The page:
What happens when you sleep with chlorine in hair?
Sleeping with chlorine in your hair can result in the depletion of your hair’s natural oils, leading to damaged, dry, and rough hair. The presence of chlorine can trigger chemical reactions within your hair, causing changes in its natural color, splitting of the ends, and weakening of the strands. These effects occur due to the essential role that natural oils play in maintaining the health and smoothness of your hair.
How do swimmers keep their hair healthy?
Swimmers can keep their hair healthy by rinsing and wetting their hair before and after swimming. By pre-soaking their hair with clean tap water or non-chlorinated water before entering the pool, the hair strands absorb this water, reducing the amount of chlorine that is absorbed.
Do you have to wash your hair everyday after swimming?
The answer to the question “Do you have to wash your hair everyday after swimming?” is that you don’t need to shampoo your hair every day after swimming. Instead, it is recommended to skip shampooing and only use a high-quality conditioner. Shampooing can potentially dry out already weakened hair, and if you swim regularly, your hair won’t require shampooing after each swim.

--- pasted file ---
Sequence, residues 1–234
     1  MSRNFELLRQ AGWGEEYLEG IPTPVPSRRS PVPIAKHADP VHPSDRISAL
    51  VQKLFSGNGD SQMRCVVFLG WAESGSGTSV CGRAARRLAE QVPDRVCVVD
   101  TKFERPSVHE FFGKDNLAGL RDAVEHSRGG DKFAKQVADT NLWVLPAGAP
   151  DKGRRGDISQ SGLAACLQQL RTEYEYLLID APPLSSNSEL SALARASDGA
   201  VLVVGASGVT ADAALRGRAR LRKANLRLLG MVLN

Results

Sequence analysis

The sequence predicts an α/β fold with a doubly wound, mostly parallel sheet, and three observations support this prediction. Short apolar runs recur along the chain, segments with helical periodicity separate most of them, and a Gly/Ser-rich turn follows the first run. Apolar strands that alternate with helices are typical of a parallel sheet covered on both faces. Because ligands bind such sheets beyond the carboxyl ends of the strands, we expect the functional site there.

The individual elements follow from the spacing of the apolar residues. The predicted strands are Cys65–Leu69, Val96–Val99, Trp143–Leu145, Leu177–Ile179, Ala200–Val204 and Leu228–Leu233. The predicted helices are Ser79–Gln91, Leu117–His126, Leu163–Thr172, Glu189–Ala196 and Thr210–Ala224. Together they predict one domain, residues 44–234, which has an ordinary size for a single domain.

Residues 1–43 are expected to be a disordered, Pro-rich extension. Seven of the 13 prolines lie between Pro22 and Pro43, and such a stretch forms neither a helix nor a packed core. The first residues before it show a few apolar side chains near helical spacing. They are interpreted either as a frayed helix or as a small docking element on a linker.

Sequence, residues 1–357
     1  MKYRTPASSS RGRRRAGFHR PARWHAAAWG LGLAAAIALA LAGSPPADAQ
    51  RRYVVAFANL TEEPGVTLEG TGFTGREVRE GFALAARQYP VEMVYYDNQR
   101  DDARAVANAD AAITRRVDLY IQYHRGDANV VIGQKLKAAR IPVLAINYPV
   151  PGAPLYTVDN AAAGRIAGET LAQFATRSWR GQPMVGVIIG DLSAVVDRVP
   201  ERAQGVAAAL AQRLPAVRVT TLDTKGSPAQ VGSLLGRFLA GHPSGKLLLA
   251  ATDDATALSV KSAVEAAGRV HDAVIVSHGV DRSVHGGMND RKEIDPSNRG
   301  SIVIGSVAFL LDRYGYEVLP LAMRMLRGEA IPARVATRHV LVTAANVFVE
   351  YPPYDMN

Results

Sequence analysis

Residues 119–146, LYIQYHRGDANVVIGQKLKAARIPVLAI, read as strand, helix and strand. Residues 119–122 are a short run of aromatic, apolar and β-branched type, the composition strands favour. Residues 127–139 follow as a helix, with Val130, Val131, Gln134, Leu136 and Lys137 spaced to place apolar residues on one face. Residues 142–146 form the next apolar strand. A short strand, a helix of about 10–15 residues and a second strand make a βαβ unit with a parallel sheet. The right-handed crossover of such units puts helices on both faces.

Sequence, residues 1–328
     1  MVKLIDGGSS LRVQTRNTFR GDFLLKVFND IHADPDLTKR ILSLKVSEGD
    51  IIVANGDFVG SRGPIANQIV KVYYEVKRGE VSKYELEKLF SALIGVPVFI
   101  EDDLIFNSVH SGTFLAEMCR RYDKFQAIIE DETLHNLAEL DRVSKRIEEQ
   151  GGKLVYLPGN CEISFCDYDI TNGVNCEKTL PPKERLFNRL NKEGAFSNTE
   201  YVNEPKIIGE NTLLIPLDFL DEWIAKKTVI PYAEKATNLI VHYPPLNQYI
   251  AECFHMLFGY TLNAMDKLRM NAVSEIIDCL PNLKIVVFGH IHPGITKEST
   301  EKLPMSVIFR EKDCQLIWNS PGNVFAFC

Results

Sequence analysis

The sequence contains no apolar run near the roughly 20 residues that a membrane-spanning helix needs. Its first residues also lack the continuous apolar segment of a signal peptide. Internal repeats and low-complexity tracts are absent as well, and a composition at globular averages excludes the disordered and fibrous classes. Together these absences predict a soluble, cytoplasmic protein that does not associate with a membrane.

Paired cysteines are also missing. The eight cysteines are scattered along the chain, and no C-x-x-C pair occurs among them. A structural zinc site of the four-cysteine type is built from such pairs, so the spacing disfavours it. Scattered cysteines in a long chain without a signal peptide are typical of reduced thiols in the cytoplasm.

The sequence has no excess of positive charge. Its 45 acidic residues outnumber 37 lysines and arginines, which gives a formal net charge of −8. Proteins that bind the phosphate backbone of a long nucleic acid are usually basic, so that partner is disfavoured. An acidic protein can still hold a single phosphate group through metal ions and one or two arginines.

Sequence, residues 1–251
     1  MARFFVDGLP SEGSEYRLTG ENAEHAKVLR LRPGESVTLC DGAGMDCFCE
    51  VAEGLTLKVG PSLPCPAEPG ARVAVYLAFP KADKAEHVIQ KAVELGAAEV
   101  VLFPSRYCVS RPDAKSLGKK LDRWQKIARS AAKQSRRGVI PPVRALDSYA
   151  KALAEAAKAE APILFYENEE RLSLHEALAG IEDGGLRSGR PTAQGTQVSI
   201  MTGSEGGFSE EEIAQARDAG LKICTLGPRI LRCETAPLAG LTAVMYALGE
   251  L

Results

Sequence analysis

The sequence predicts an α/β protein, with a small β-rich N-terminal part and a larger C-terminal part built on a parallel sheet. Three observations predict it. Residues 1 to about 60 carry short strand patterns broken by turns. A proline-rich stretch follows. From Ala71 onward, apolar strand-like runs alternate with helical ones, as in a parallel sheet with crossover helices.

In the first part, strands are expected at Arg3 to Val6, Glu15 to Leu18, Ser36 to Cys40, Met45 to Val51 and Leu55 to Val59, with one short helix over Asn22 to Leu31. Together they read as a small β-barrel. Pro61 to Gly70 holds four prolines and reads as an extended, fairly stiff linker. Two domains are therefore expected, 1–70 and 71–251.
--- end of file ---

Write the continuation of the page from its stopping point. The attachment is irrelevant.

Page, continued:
What to do with wet hair after swimming?
The question is: What should be done with wet hair after swimming?Rephrased answer: After swimming, wet hair can be styled in various ways such as a messy bun, tight ponytail, sleek comb back, French braid, two simple braids, or double and triple bun.
Is it bad to not shower after swimming in chlorine?
It is not advisable to skip showering after swimming in chlorine. Chlorine and other pool chemicals left on your skin can strip away its natural oils, leading to dryness. This can be particularly problematic if you go to bed without washing off the chlorine, as it can cause irritation and make your skin more susceptible to infections. If you experience itchiness after swimming, this could be a result of not showering afterwards.
Does your body absorb chlorine in the shower?
The body does absorb chlorine in the shower, as it is not only absorbed through the skin but also vaporized and inhaled into the lungs, ultimately entering the bloodstream. Showering accounts for more than 50% of our daily chlorine exposure.
Does chlorine water cause hair loss in showers?
Chlorine water does not cause hair loss in showers, as research indicates that hair loss is caused by various factors unrelated to chlorine. However, it is important to note that excessive exposure to chlorine can be detrimental to the health of your hair, leading to dryness and coarseness.